Phelps eight confirms legendary status

Updated: 22 August 2008 09:13 IST

Michael Phelps cemented his place in Olympics history, capping a sensational week by becoming the first athlete ever to win eight gold medals in one Games.


Michael Phelps cemented his place in Olympics history on Sunday, capping a sensational week by becoming the first athlete ever to win eight gold medals in one Games.

Phelps brought the curtain down on a record-breaking week of swimming when he directed the US team to victory in the 4x100m medley relay and overtook fellow US legend Mark Spitz's seven gold medals at Munich 36 years ago.

The 23-year-old Phelps also broke seven world records through the week and became the most successful Olympian of all time with a career 14 gold medals.

"I'm lost for words," he said.

"The whole thing, every race, one after the other from winning by one-hundrerdth of a second yesterday to finishing if off with a world record. It's an amazing experience," he added, crediting the relay team for making it possible.

His butterfly leg was key to the relay victory, as he turned a third-place behind Japan and Australia at the halfway point into a lead which freestylist Jason Lezak would never surrender.

Daily superhuman performances saw Phelps constantly command centre stage in Beijing, although late Saturday the headlines switched to Jamaican Usain Bolt who underscored his place as the fastest man on earth when he won the prestigious 100m final.

Bolt surged down the track in 9.69sec, smashing his own world record and then declaring he has the 200m target in his sights as well.

China continue to dominate the medal table with 27 gold ahead of 17 for the United States of which Phelps has contributed nearly half.

Romanian mother of two Constantina Tomescu launched the Olympics busiest day Sunday when she raced away with the women's marathon in a time of 2hours 26minutes 44seconds.

There was more Olympic misery for Britain's world record holder Paula Radcliffe as she limped across the finish line in 23rd place.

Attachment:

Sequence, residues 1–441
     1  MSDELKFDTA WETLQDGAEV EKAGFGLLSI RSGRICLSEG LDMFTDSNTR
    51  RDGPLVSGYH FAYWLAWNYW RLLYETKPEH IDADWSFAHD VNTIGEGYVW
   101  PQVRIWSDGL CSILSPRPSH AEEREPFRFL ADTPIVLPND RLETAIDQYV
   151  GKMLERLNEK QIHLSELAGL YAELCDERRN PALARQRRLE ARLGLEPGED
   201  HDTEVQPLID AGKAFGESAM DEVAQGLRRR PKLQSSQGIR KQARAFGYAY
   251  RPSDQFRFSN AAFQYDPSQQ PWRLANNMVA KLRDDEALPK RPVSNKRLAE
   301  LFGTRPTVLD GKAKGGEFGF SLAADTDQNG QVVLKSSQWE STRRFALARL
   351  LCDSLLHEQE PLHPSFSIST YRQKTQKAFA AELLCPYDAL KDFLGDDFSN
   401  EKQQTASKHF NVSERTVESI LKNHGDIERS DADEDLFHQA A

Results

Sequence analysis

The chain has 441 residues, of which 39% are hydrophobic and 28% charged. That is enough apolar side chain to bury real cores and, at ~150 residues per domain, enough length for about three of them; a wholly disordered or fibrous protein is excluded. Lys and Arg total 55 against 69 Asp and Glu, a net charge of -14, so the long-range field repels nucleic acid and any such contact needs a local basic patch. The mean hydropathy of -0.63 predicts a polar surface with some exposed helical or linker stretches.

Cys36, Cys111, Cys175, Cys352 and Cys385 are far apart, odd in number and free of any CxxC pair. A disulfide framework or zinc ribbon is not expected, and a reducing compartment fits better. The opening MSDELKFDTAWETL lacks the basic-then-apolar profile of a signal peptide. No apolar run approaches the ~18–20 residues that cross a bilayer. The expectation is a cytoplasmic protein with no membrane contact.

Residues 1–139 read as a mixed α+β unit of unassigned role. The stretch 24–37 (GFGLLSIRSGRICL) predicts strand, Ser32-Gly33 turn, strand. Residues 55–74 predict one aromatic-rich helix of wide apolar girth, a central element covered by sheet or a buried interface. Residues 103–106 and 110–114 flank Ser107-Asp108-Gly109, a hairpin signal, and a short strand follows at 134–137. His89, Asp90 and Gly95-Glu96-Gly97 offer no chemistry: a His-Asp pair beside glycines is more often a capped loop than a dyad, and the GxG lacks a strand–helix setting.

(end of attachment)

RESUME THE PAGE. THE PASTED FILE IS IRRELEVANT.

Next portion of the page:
There are 37 finals Sunday, four more in athletics including the womens 100m and men's 10,000m, as well tennis, badminton, cycling, diving, fencing, gymnastics, rowing, yachting, shooting, table tennis, weightlifting and wrestling.

The men's 10,000m final shapes as an Ethiopian clean sweep involving three outstanding athletes.

Kenenisa Bekele will be looking to defend his title from former champion Haile Gebrselassie and Sileshi Sihine, the silver medallist in Athens.

Kerron Stewart was shaping up for a Jamaican sprint double with Bolt, leading the favourites after the heats of the women's 100m.

In the pool the US relay team took more than 1.3sec off the previous world record while Australia clipped more than three seconds off the women's 4x100m relay record.

But for Australian Grant Hackett, his dream of an historic three 1500m freestyle golds at consecutive Olympics was snapped by Tunisia's Oussama Mellouli who, after nearly 15 minutes of racing, finished a mere 0.49sec ahead.

Incoming world tennis number one Rafael Nadal of Spain goes centre court when he plays Chilean Fernando Gonzalez in the men's singles final.

The women's final is an all-Russian affair between Elena Dementieva and Dinara Safina.

There are seven rowing finals including the women's eight where Romanian rower Georgeta Andrunache is on the brink of history as the sport's most successful Olympian.

She won the women's pairs with Viorica Susanu on Saturday for a fifth career gold, level with rowing legends Steve Redgrave and Elisabeta Lipa, and another victory will give her sole rights to the record.

British cyclist Rebecca Romero is also assured a place in women's history for winning medals in two different sports.

A rowing silver medallist in Athens four years ago, Romero rides off in the final of the women's individual pursuit Sunday.

The only other sports double was achieved by American Tim Shaw who won a swimming silver in 1976 and a water polo silver in 1984.

Topics : Swimming
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